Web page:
Revisiting my “pursue multiple income streams” goal…with SMA Inc.

You may recall that I previously announced a desire to repurpose and extend my content by revisiting some of my five (plus one) goals that I set for Bredemarket in 2021.

I’ve already revisited my “have fun” goal, clarifying that you need to have fun…with a purpose.

Today I’m ready to revisit my “pursue multiple income streams” goal, with a specific WAY in which I plan to pursue multiple income streams. Because multiple income streams can potentially merge into a large income stream.

By Vvnataraj – Own work, CC BY-SA 3.0, https://commons.wikimedia.org/w/index.php?curid=9783411

What was the goal again?

For your benefit, I’ll start by restating the goal itself, taken from my most recent revision to my 2021 goals.

Goal 2: Pursue multiple income streams. This is really an internal goal for Bredemarket, but it affects my approach.

While I know WHAT I want to do—I’m not going to quit marketing and writing and start selling nutritional supplements—I’m exploring HOW I want to do it. In some cases I’m approaching potential clients directly, while in others I’m using one of several intermediaries to do it.

There are advantages and disadvantages to direct vs. intermediary solicitation, but it’s wise to have multiple options. Some options may perform better at some times, while others perform better at other times. We’ll see what happens.

Which brings me to a conversation that I had a few months ago.

At about the same time that I became a free agent last July, one of my coworkers also became a free agent. Jenna Beck, in addition to managing proposals for biometric systems, has also consulted and written in many other disciplines.

One day, Jenna reminded me of Wordman.

Wordman? Who is Wordman?

Now there are a number of superheroes that are saving the galaxy, but those of us who know our APMP from our STC are well aware of the super powers of Wordman. While other superheroes can leap tall buildings in a single bound, Wordman can optimize your use of Microsoft Word via supplementary software, consulting, and training. This is a super task indeed.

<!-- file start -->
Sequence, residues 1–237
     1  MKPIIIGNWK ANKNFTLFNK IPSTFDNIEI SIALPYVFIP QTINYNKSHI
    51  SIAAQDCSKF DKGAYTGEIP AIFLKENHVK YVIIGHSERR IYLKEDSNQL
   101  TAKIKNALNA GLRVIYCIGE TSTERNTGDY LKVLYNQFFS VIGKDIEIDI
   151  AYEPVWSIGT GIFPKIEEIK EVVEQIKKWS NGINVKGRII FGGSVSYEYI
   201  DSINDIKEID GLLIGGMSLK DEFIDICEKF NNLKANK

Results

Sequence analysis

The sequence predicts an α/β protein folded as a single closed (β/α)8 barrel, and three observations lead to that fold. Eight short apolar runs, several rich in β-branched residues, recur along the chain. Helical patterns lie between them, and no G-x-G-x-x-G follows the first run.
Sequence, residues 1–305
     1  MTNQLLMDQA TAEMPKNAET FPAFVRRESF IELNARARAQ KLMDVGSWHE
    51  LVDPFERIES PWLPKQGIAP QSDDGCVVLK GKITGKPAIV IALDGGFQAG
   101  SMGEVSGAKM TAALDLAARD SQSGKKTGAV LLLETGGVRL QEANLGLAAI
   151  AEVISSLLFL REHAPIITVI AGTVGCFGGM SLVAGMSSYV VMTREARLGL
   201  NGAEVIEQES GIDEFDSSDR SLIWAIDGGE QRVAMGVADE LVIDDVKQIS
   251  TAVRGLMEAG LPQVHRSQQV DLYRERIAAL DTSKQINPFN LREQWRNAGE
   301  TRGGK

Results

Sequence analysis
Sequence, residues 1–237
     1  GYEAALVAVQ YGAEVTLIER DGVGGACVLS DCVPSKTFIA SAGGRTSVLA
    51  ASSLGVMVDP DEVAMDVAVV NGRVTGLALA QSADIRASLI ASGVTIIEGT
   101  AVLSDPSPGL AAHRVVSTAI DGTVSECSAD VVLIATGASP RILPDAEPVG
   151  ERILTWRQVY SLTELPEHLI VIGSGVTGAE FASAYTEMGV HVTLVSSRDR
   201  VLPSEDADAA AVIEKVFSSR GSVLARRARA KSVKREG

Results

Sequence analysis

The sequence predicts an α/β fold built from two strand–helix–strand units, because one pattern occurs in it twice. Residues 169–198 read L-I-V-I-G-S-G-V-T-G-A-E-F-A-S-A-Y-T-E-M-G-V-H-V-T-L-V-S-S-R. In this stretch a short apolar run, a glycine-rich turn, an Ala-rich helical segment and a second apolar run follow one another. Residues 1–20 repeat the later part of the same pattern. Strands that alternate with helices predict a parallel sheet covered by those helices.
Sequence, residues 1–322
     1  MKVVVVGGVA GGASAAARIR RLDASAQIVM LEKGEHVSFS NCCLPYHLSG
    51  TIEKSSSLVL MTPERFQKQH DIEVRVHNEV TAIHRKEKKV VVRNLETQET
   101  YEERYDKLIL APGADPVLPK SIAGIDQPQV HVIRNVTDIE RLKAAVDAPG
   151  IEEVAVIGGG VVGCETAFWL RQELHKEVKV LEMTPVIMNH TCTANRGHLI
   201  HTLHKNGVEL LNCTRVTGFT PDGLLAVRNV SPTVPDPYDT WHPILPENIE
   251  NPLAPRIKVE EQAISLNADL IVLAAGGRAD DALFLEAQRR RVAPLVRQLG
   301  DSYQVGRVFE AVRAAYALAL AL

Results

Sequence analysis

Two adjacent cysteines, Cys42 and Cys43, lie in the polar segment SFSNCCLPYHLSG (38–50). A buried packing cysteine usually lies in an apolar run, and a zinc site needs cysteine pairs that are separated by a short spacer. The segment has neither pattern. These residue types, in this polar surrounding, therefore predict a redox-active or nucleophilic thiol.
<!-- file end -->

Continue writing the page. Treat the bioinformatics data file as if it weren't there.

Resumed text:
However, like many superheroes, Wordman has a second identity, although his is not so secret. (Of course, with the introduction of new biometric technologies, the identities of other superheroes aren’t that secret either.)

When he is not wielding macros and styles, Wordman goes by the identity of Richard (Dick) Eassom, Vice President of Corporate Support at SMA Inc.

Jenna knew that I was already set up as an independent contractor, and suggested that I consider signing up as an associate with SMA.

SMA? What is SMA?

SMA is a consulting firm, originally established as Stephen Myers & Associates (SM&A) in 1982. It started as a proposal assistance firm (Fun fact: many proposal assistance firms incorporate “wins” either in their corporate name or in their web URL, and SMA at smawins.com is no exception.) Over the years, and after several acquisitions and pivots, SMA has grown from a proposal assistance firm and now helps clients with all aspects of a program lifecycle, from pursuit through performance. A complete list of SMA’s capabilities can be found here.

To fulfill this, SMA needs associates (independent contractors) with experience in a variety of disciplines. Figuring that SMA could possibly use an identity professional with strategy, marketing, proposal (primary state and local) and product management position, I put my name into consideration.

This required an evaluation of my experience in a format consistent with SMA’s Talent on Demand® system. As part of this process, I identified approximately 40 specific projects that I have worked on in the last 25 years. Yes, it’s a thorough process.

After completing this evaluation as well as two interviews, I was officially accepted as an associate with SMA late last year. Now that the paperwork has been completed, I am officially on board as an associate, available to serve SMA’s clients as a market / competitive strategist.

Thanks to Jenna, Wordman, and everyone else who helped me to onboard with SMA. I will still be consulting with clients directly—in fact, SMA assumes that its associates have income streams outside of SMA—but now am also available to clients via SMA’s TOD system.

As I said before, we’ll see what happens.

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